Posts Tagged ‘Either/Or v. 1’

What’s Up With Comedy? Preliminary Expectoration

December 20, 2019

What’s Up With Comedy? Preliminary Expectoration

 

This is part of the confusion that manifests itself in so many ways in our day; something is sought where one should not seek it; and what is worse, it is found where one should not find it. One wishes to be edified in the theater, to be esthetically stimulated in church; one wishes to be converted by novels, to be entertained by devotional books; one wishes to have philosophy in the pulpit and a preacher on the lecture platform.[1]

—– S. Kierkegaard

 

 

Does anyone else think it strange that we demand higher moral standards from our comedians than we do from our nation’s political leaders? A comedian’s career can be derailed by a careless tweet. An actor’s career can be derailed by a charge of sexual impropriety. A singer can be called to account for performing at a party hosted by a dictator, or sometimes even just for performing in a country with an unsavory government. But if the President suggests that someone should be beaten or killed, or confesses to a crime, it’s said he was “just joking;” if a dozen or more women testify he raped or assaulted them, they’re all dismissed as liars; if he praises and is praised by murderous, corrupt dictators and even claimed by them as “one of our agents”, it has no noticeable impact on the love of his fans or the respect of his party.[2] Our age accepts any buffoonery from its leaders, so long as they make the crowds laugh; but actual comedians are expected to act like leaders.

In Kierkegaard’s Either/Or, the fictitious anonymous author argues that such confusions reflect a society in disarray. “Our age has lost all the substantial categories of family, state, kindred; it must turn the single individual over to himself completely in such a way that, strictly speaking, he becomes his own creator.” Our lives lack context; there is no essential connection between one and another. There is no passion; nothing has significance in itself, and we are left only with the frivolities that capture our interest for a moment. Our age, even more than Kierkegaard’s, seems fundamentally confused and disoriented. We want big, glitzy megachurches with a good show; we analyze the moral messages implicit in the latest blockbuster movie. Leaders are “just joking” or just using “locker-room talk,” while entertainers are expected to be role-models. We look for things where any serious, thoughtful person would not; and what is worse, we find what we’re looking for, because the age itself is careless and thoughtless.

Such thoughts as these suggest that it is time to think about humor, and about what it means in this age. What is comedy? Why do we take comedy so seriously? Why do we look, not to the saints or the scientists or the journalists or the leaders for truth, but to comedians and to politicians who caper and jape more than any real comedian? I want to think about these questions. Maybe, when I’m done, I’ll find the joke was on me; it wouldn’t be the first time.

[1] Søren Kierkegaard, Either Or, v. 1; edited translated by Howard V. Hong and Edna H. Hont, with introduction and notes (Princeton, NJ: Princeton University Press, 1987) p. 149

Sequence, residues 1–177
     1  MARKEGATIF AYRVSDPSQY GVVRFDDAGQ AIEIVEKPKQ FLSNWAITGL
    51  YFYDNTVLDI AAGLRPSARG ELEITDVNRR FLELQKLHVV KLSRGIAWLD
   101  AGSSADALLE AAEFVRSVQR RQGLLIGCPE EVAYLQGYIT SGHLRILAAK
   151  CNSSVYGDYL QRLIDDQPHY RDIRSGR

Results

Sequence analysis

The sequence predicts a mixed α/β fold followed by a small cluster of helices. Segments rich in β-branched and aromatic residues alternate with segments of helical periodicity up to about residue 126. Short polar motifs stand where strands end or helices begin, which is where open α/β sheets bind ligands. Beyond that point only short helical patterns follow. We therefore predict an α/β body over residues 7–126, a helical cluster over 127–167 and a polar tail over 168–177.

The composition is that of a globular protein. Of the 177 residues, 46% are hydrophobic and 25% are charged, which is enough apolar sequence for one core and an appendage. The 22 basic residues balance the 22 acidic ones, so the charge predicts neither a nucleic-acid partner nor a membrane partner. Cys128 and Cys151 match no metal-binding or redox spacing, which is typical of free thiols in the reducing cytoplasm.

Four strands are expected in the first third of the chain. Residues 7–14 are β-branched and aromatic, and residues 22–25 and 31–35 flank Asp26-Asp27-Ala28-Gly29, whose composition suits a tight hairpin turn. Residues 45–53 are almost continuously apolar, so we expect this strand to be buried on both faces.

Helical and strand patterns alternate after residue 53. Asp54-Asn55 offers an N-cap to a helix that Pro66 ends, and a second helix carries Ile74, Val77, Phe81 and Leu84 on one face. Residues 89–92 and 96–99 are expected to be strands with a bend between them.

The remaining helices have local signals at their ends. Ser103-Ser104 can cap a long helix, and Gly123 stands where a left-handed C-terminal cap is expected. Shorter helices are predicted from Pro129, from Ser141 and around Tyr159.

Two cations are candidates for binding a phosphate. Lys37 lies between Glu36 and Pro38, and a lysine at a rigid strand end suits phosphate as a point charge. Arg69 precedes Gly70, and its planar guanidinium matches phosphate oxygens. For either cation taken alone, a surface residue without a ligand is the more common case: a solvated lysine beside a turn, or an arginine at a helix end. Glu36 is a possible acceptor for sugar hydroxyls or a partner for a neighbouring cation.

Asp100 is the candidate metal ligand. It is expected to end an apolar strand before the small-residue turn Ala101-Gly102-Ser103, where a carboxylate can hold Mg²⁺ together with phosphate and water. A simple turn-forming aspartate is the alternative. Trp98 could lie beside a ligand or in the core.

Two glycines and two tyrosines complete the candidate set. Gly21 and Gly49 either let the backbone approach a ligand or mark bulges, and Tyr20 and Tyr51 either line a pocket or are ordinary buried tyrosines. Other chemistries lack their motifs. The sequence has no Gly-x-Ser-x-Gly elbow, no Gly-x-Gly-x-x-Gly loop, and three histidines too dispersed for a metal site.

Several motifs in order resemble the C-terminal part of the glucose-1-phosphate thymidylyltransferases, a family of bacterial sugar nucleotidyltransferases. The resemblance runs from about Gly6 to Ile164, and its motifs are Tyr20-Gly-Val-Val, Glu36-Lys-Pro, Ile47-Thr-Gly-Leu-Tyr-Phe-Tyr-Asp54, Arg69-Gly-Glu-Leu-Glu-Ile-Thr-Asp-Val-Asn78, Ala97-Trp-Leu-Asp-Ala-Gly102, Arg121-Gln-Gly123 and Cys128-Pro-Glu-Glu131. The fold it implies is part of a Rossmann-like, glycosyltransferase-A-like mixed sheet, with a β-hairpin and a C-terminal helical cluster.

[2] Melissa Lemieux, “Russian Media Calls Trump a Moscow ‘Agent,” Jokingly Suggests He’ll Need to Flee to their Country After Leaving Office;” Newsweek 12/16/19 (https://www.newsweek.com/russian-state-media-calls-trump-moscow-agent-jokingly-suggests-hell-need-flee-their-country-1477554)

Is Role-Play Gaming a Religious Exercise? Thoughts on Tolkien, Campbell and Role-Playing Games (pt. xvii)

July 6, 2013

            I don’t know that Kierkegaard really helps us understand role-playing games, except insofar as his distinction between “imagination’s way out” versus “religion’s way out” can help us remember that religious fantasy is still fantasy and not religion.  I saw an advertisement once for a visit to a local church by one of the authors of the Left Behind books.  This was said by the flyer to be “prophecy.”  Religious fiction is not prophecy; it is fiction, “religious poetry” in Kierkegaard’s terminology, presenting possibilities to the imagination but not truly inviting the individual to a personal relationship with God.  A religious role-playing game has the same limitations; and both “religious” and “non-religious” games can provide one of God’s secret agents the opportunity to work.  The “non-religious” one might have the advantage of providing cover, making the secrecy easier to maintain.  I think, though, that role-playing games throw more light on Kierkegaard than Kierkegaard throws on the games.  As Kierkegaard said, “boredom is the root of all evil;” and though he said this pseudonymously and ironically, it has truth.[1]  Boredom is the symptom showing that one’s life is meaningless.  The conditions that make a role-playing game boring are not entirely different than those that make real life boring:  pointlessness, lack of goals or values to make one’s striving be “for something,” a lack of coherence (or narrative structure), or a game/campaign that thwarts one’s individuality for the sake of some external agenda (either the group’s or the referee’s).  Likewise, the game is interesting when one has individual goals that are supported by also being part of group that affirms both individuality and participation; when one strives for goals that have a meaning beyond simply gaining levels; and when what happens in the game and in the character’s life has a coherence rather than being disjointed episodes unrelated to the past or future.


[1] Søren Kierkegaard, Either/Or, v. 1, edited and translated by Howard V. Hong and Edna H. Hong, with introduction and notes (Princeton, NJ:  Princeton University Press, 1987) p. 285